PS If you're busy selling your kid's cookies at work in a misguided attempt to raise money for the troop, please don't! It undermines the very point of the exercise, and you'd probably raise more money if you did some freelance work instead. Access to cookies isn't the point, teaching the Scouts to be confident salespeople is.
Nineteen years ago, shortly after I hired Mark Hurst to join the team at my internet startup Yoyodyne, I turned to him and said, "I don't think the web makes sense." This was the most expensive mistake I ever made.
At the time, we were working with AOL, CompuServe and other online services. The web was in its infancy, and I notoriously said, "It's just like Prodigy, but slower and with no business model."
It took me eighteen months to change my mind. Actually, that's not true. It took me about five minutes to change my mind, after eighteen months of being wrong. I still remember how it felt to feel that flip switch in my head.
This is one of the assets of youth, and something that's worth seeking out and maintaining. That flip, the ability, when confronted with a world that doesn't match the world in your head, to say, "wait, maybe I was wrong." We're not good at that. Science brings us overwhelming data about the truth of washing hands before surgery, of the age and origin of species, about the efficacy of placebos, and the natural instinct is push those facts away, rather than find that moment where were can shift our thinking.
If you needed to, could you argue passionately for that thing you don't believe in today? Could you imagine walking over to the other side of the new argument, to once again hear that sound?
That's the essential skill of thriving in a world that's changing fast.
Without a doubt, the single highest point of leverage in any campaign is getting out the vote. If the people who agree with you or believe in you actually show up and vote, you win.
This, of course, is true for everything, not just retail politics. Your non-profit, retail store or b2b services firm probably doesn't need as many new prospects as you think you do--you will generate more impact if you reconnect with the people who already know and trust you.
or sleep near a train station.
Don't ask a cab driver for theater tips.
Never buy bread from the supermarket bakery...
and don't ask your spouse for honest feedback about how you look.
Don't do business with a stranger who calls you at home during dinner.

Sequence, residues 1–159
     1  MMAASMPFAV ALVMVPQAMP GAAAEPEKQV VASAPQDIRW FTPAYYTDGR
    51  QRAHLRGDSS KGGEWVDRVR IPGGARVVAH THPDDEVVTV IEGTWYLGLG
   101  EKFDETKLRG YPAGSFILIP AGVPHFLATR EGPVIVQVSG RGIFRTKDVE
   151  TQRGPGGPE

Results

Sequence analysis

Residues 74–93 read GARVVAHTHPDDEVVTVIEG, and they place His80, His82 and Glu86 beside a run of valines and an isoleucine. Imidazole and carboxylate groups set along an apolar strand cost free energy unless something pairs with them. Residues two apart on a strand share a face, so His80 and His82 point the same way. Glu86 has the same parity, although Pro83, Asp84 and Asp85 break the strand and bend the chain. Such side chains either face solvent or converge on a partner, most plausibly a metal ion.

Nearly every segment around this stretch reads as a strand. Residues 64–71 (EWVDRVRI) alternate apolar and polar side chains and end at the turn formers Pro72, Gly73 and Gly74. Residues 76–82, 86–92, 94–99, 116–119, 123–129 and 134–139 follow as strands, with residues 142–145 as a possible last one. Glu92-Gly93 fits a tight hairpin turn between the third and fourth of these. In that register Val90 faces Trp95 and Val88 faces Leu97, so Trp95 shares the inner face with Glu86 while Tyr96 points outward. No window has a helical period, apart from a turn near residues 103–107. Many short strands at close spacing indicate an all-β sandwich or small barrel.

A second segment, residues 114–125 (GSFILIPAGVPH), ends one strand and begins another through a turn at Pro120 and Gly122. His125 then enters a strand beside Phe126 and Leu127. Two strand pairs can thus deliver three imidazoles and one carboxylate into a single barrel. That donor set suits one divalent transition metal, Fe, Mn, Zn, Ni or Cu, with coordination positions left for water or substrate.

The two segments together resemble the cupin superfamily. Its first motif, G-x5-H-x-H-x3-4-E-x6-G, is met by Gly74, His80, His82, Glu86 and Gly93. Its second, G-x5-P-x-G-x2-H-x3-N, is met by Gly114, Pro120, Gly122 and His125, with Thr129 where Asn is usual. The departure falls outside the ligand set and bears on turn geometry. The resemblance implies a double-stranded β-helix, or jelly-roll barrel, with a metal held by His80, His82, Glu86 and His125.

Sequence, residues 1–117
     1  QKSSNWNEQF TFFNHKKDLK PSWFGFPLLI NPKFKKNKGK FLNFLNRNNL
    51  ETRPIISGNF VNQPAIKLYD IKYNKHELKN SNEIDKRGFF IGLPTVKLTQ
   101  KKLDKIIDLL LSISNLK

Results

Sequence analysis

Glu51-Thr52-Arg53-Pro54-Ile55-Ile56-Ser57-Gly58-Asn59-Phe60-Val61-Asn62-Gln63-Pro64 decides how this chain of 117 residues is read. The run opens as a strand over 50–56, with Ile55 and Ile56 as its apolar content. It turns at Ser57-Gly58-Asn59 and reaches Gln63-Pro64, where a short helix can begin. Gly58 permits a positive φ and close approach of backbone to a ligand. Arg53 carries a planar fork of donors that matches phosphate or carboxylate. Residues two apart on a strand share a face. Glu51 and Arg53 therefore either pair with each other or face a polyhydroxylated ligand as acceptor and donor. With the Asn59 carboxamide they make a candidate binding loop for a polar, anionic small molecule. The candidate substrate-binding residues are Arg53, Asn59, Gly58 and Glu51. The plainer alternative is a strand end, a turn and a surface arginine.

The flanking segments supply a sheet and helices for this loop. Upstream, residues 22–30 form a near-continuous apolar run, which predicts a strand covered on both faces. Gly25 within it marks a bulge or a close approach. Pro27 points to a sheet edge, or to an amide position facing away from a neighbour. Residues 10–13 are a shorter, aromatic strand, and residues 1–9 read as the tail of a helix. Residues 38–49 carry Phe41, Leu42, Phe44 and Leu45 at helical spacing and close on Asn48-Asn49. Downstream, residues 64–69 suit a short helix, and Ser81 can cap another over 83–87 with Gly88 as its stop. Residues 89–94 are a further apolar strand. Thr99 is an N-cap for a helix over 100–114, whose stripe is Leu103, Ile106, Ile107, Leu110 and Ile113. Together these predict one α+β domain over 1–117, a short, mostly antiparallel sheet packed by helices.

Think twice before you ask your ad agency how many ads you should run.
And never eat the macadamia nuts in the mini bar.
Proximity is not a stand in for expertise.
It's not that hard to have a misstep. In fact, if you interact with enough people, it's certain that you will.
Sometimes, if we're quite lucky, when we get it wrong, the person we wronged will politely point it out to us.
At this point, we have a choice. We can elegantly (and with gratitude) make things right, which often builds a better bridge than we could ever hope for...
Or, in frustration, embarassment and a bit of pique, we can choose to make things worse.
Here are some of the magic words that might help build that bridge:
- "I" (not "we" or some magical use of the third person)
- "thank you"
When someone gives you gentle feedback, it's because they want to connect, not because they want to help you finish burning down the bridge you ignited in the first place. They don't want an excuse, a clever comeback or a recitation that you're just doing your job.
It's there if you want it.
Most companies (and non-profits) fear competition. American Airlines, our worst possible domestic airline, always does best in routes where travelers don't have a choice. When customers don't have a choice, you can raise profits and lower quality and people just have to deal with it. You can happily be the profitable choice of last resort, the place for people with nowhere else to go.
Some organizations, though, work to find competition instead of fleeing from it. If you have a system, a point of view and a process for growth, then a market that already exists is your friend, the next place you can grow. And so, for example, small chains like Five Guys and Shake Shack are happy to set up shop right next to fast food places that might represent competition.
This is one reason Amazon's efficiencies are so fearsome--they prefer to start in a market with competition.
On the other hand, if you're depending on being alone in your field, then your charitable cause, your brokerage business or your industrial entity is going to have a hard time finding the next place to grow.
(Semi-related trivia: In high school and college, I was so bad at school elections—losing every single one—I finally decided I would only run for slots where I was unopposed. Amazingly, I lost that one too, and wisely stopped competing for votes—sometimes, competition is a choice.)